Intravenous immunoglobulin contains a broad repertoire of anticarbohydrate antibodies that is not restricted to the IgG2 subclass

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Abstract

Background:

Specificities for carbohydrate IgG antibodies, thought to be predominantly of the IgG2 subclass, have never been broadly examined in healthy human subjects.

Objective:

To examine commercial intravenous immunoglobulin (IVIG) preparations for their ability to recognize a wide range of glycans and to determine the contribution of IgG2 to the binding pattern observed.

Methods:

We used a glycan microarray to evaluate IVIG preparations and a control mix of similar proportions of human myeloma IgG1 and IgG2 for binding to 377 glycans, courtesy of the Consortium for Functional Glycomics Core H. Glycans recognized were categorized using public databases for their likely cellular sources. IgG2 was depleted from IVIG by using immunoaffinity chromatography, and depletion was confirmed by using nephelometry and surface plasmon resonance.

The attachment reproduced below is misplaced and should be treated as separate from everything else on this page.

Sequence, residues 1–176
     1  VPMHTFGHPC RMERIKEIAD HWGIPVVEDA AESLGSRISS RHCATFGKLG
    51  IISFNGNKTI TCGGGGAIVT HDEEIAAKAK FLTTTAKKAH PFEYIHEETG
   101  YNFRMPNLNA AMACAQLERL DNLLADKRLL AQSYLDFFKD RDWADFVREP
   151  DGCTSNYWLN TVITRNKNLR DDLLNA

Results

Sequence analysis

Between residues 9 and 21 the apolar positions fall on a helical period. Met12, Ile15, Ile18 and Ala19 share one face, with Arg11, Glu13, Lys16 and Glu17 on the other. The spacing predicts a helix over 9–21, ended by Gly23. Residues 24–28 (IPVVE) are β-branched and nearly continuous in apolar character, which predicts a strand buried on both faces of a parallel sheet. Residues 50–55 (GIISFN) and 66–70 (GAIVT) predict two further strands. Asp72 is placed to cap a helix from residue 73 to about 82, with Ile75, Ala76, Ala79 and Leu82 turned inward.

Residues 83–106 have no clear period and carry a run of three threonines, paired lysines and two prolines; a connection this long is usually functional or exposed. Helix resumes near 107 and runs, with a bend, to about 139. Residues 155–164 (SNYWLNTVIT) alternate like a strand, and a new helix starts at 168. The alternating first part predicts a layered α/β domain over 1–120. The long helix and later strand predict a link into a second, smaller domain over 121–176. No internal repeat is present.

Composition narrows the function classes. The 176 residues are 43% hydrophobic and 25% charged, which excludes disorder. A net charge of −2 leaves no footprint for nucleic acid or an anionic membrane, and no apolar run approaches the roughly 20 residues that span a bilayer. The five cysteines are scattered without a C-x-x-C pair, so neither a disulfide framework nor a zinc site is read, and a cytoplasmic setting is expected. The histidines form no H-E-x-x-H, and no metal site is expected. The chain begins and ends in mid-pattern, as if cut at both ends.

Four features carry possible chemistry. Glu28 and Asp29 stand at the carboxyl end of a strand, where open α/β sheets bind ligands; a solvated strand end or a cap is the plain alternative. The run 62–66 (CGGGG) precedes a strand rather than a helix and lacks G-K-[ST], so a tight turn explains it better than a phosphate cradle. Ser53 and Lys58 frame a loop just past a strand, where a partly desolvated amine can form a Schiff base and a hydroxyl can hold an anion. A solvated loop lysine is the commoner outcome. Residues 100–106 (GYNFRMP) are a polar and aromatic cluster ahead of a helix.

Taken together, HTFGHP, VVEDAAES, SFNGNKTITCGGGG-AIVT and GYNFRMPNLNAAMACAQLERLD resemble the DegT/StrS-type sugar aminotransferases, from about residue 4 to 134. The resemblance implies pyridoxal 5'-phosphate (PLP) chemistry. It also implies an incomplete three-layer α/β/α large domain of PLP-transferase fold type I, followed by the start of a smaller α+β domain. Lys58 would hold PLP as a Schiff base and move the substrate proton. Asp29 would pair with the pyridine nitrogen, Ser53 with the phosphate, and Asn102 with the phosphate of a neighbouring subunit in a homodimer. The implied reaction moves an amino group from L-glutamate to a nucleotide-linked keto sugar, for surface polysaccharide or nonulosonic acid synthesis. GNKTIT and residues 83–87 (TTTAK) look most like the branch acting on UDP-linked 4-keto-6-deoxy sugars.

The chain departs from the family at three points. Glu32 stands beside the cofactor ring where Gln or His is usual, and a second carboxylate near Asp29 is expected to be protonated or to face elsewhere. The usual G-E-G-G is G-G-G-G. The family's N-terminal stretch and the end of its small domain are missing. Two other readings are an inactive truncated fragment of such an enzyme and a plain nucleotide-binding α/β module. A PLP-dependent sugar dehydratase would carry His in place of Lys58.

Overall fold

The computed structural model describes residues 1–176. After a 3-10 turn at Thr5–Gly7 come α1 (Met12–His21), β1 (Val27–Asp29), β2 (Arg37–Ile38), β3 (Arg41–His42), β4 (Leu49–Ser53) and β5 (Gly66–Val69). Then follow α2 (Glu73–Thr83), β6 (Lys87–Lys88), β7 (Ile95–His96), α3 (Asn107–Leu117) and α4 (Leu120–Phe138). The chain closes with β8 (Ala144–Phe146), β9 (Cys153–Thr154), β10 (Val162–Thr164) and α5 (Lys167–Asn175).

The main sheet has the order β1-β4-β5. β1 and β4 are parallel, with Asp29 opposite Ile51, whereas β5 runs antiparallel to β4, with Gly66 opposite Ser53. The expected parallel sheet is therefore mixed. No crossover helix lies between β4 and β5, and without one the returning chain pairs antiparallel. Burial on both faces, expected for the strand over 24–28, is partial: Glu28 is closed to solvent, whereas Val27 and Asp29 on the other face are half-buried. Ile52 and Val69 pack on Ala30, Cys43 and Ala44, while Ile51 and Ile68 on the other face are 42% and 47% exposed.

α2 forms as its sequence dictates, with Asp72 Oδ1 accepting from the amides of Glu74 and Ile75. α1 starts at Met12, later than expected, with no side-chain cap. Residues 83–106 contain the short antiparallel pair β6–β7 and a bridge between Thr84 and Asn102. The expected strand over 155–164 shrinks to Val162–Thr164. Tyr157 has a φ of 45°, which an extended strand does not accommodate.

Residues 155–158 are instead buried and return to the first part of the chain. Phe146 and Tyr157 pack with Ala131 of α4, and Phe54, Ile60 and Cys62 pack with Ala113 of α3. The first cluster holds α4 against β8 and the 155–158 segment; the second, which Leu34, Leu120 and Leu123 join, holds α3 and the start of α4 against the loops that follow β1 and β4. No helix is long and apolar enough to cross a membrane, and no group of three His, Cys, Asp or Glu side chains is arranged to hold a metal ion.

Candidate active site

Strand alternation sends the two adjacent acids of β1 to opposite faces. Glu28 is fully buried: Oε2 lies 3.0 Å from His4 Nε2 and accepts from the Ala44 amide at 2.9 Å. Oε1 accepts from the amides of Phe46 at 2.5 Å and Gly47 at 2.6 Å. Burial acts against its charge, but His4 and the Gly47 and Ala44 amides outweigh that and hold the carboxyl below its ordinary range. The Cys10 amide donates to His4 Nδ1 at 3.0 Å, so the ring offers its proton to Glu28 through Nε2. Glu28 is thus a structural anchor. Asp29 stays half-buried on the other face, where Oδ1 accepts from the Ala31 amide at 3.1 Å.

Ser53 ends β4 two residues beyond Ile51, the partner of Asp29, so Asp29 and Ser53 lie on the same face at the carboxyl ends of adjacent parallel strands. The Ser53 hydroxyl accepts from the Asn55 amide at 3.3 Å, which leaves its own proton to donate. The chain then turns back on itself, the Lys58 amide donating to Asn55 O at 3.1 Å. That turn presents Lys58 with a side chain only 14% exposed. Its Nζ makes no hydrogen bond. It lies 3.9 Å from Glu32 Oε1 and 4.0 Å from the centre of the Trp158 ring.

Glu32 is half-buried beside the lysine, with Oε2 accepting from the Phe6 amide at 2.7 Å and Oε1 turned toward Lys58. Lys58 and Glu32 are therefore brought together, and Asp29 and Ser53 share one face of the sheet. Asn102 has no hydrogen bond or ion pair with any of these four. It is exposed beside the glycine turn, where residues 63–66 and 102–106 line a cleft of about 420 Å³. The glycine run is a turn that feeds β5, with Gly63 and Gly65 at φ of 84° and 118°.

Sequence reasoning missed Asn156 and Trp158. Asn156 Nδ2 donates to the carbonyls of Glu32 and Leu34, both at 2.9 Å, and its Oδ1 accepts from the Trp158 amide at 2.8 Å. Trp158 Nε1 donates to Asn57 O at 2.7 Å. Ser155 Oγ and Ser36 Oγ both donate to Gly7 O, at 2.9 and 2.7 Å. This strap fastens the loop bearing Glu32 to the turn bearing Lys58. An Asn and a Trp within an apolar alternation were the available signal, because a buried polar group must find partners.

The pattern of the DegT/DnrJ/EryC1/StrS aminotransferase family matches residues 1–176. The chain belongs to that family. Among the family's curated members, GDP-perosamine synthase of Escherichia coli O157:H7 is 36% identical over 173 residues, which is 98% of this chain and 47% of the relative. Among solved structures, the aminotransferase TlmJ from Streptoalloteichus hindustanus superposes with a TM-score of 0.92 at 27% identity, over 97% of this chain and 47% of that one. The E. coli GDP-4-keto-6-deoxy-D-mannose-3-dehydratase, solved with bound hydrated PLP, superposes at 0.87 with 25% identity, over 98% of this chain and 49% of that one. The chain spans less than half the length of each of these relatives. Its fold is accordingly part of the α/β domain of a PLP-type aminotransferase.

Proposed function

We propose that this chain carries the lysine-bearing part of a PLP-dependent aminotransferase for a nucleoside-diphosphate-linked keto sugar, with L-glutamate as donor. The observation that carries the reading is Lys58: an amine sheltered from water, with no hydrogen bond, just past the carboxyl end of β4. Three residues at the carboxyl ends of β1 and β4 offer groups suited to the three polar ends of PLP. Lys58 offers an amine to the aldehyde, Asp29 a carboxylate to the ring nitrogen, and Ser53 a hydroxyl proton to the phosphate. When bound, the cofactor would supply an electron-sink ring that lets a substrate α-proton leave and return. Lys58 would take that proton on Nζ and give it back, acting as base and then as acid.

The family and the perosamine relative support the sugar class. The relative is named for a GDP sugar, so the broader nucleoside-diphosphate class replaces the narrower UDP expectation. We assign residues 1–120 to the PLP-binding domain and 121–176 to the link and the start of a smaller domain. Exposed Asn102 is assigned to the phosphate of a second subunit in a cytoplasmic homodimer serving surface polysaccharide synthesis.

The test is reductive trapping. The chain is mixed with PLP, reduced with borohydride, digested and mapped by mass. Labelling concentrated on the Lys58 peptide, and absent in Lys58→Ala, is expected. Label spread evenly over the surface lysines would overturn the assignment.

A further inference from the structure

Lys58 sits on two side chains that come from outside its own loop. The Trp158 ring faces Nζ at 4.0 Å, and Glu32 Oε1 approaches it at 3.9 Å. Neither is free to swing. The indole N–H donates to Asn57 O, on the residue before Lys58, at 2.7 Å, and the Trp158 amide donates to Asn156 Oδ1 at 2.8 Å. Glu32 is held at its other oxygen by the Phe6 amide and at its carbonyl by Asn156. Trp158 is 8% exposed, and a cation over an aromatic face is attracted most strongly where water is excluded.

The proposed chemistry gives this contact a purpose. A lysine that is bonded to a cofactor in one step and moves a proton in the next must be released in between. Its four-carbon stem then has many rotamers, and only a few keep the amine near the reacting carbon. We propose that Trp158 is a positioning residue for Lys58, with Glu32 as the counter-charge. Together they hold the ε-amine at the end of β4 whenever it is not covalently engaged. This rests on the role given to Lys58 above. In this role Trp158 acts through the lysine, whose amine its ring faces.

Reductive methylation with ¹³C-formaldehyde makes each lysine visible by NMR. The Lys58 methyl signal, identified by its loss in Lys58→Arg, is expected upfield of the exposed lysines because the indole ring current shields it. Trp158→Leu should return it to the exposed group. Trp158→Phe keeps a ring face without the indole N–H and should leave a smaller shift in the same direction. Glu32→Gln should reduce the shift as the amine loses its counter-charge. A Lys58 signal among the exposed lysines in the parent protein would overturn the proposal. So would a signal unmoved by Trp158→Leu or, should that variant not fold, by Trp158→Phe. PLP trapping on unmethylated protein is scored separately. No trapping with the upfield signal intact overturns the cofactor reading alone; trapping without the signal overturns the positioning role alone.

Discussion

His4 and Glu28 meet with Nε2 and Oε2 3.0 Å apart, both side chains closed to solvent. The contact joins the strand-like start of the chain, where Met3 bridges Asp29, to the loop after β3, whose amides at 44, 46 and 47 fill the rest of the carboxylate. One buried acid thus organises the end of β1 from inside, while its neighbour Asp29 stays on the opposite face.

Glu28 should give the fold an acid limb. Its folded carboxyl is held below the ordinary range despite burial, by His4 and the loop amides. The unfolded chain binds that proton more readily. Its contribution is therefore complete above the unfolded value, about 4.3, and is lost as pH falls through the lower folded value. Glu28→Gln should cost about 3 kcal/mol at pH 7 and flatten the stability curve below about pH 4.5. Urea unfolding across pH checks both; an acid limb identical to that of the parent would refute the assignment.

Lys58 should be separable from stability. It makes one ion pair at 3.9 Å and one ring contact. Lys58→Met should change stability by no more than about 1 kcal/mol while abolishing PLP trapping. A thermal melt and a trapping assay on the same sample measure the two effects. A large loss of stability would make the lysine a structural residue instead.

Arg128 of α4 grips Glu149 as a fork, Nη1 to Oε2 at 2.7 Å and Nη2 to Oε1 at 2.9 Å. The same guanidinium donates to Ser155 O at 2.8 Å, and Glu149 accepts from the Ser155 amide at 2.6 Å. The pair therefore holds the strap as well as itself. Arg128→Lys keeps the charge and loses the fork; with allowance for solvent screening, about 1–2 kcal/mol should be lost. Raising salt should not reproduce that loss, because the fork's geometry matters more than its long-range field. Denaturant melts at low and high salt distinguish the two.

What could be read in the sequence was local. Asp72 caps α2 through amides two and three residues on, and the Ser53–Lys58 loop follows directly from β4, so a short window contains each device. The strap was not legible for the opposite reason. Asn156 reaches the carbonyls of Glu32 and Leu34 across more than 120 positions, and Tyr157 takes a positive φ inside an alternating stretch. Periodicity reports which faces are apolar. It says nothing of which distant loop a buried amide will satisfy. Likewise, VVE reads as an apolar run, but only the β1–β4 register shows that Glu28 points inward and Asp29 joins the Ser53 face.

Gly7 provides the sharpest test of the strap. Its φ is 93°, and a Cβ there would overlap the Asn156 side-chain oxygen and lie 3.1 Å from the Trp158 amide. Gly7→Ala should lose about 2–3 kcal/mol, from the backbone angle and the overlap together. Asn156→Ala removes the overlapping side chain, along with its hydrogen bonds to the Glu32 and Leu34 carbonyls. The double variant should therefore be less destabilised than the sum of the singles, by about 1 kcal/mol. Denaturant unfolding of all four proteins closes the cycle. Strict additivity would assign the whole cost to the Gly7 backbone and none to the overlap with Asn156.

Results:

Nearly half of the glycans bound IgG. Some of the glycans with the greatest antibody binding can be found in structures of human pathogenic bacteria (eg,Streptococcus pneumoniae, Mycobacterium tuberculosis, Vibrio cholera) and nonpathogenic bacteria, including LPS and lipoteichoic acid, capsular polysaccharides, and exopolysaccharides. Surprisingly, depletion of IgG2 had only a modest effect on anticarbohydrate recognition patterns compared with the starting IVIG preparation. Little to no binding activity was detected to human endogenous glycans, including tumor-associated antigens.

Conclusions:

This novel, comprehensive analysis provides evidence that IVIG contains a much wider range than previously appreciated of anticarbohydrate IgG antibodies, including those recognizing both pathogenic and non-pathogen-associated prokaryotic glycans.

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